I've been sparse on the posting, thanks to holiday-related fatigue, but this is the sort of thing that interests me about "mainstream" conservative figures like Pat Buchanan--they really are just thisclose to the fringe. Now, this is a snippet of the context Buchanan put Steven Sailer's work into:
(Sorry--that's a Townhall link. But it was already Pat Buchanan, so what do you want from me?)
The study itself is just looking for nationality/performance correllation--which I think we can critically admit has a problem right at the outset. Corellation is not causation--low performance of any particular group on something like reading scores, or IQ tests, is not an innate problem pertaining to that group, but just an incidental factor that might arise out of many contributing causes (socio-ecomonics, access to educational materials, parental influences, likelihood that education is profitable to individuals in a given culture and place). And the study in question doesn't seem to have a valid criteria for cancelling out all those, since it is, after all, looking for the race-based something-or-other it's looking for.
Does the respected pundit critique said study on it's relative merits? No, because that would be work. It confirms a bias (which was all it ever meant to do) and so he can at once extrapolate that our current expenditure in education as a nation here in the US "is not an abject failure", but also suppose that:
Weissberg contends that 80 percent of a school's success depends on two factors: the cognitive ability of the child and the disposition he brings to class -- not on texts, teachers or classroom size.
If the brains and the will to learn are absent, no amount of spending on schools, teacher salaries, educational consultants or new texts will matter.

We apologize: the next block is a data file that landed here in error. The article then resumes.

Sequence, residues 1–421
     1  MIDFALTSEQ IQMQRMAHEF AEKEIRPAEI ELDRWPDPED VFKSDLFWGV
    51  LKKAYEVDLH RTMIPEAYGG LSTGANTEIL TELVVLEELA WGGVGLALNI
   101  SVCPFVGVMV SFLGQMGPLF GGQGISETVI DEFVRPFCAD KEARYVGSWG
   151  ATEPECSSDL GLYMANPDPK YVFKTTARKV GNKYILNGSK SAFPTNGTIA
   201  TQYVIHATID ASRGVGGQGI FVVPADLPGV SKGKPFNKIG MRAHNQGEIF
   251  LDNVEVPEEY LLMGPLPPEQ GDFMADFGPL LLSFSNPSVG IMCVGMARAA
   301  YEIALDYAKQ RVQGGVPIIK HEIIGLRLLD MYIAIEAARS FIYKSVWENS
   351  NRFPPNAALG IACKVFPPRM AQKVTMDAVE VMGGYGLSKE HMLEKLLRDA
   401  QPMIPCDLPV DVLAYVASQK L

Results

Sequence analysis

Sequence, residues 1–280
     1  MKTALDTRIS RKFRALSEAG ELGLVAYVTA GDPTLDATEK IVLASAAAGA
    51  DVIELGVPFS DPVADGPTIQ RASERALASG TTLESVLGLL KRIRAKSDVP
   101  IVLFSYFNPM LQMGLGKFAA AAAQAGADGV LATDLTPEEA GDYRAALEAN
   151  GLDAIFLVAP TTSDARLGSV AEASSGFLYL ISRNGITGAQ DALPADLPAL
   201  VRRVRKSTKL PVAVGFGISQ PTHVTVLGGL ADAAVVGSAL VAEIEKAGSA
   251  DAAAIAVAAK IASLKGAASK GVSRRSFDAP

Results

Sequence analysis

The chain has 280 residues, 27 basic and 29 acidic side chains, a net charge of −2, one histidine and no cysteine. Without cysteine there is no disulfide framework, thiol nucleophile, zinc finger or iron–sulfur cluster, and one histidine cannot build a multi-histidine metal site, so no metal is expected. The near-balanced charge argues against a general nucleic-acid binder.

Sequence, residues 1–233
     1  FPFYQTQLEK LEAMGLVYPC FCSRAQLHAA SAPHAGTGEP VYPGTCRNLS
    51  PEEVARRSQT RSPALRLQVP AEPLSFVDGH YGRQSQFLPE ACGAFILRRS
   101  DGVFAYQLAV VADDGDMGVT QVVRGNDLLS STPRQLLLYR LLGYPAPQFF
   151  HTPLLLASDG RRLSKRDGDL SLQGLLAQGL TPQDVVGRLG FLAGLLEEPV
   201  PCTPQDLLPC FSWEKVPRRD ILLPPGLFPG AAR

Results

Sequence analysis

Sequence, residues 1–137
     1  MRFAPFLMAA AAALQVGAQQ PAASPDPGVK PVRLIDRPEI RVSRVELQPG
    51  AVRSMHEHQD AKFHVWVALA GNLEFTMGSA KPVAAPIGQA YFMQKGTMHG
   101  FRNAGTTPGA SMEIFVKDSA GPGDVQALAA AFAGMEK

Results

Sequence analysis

A nation weary of wasting billions on unctuous educators who never deliver what they promise may be ready to hear some hard truths.
So, wait--our educators both deliver--and don't? That they can't raise every child up to a very high proficiency, but they do manage to raise them up to a proficiency higher than might have been expected? And that the problem is the kids aren't quitting while they've simply gotten ahead to make room for more learning-hungry children?
Hmm. Wow. Let me address the big-ass implication of the discussion of kids without the brains to learn nor the sense to know why they should.
Yes, Pat--we know who is meant by that. And this article might have fit in very neatly in 1950, regarding whether or not to desegregate schools, on the principle that white students were already out-performing African-American students--so why not maintain a "separate but unequal" program so as to allocate resources to our elites?
And this article isn't so very different from what might have been expected of a pro-slavery commenter in 1850, insinuating as to how given the disparity between the cognitive accomplishments of white children versus black laborer's children, one could not possibly forsee them being anything other than a permanent underclass....
Which gives me to wonder what a study comparing the children of Irish laborors to English landowners in 1750 might have said about their intellects and prospects. And was it truly innate? Genetic? For real? Because I think this study is just grist for a tiny little mill that whirrs about in privileged brains that produces finely-ground, self-justifying bullshit. I could be wrong.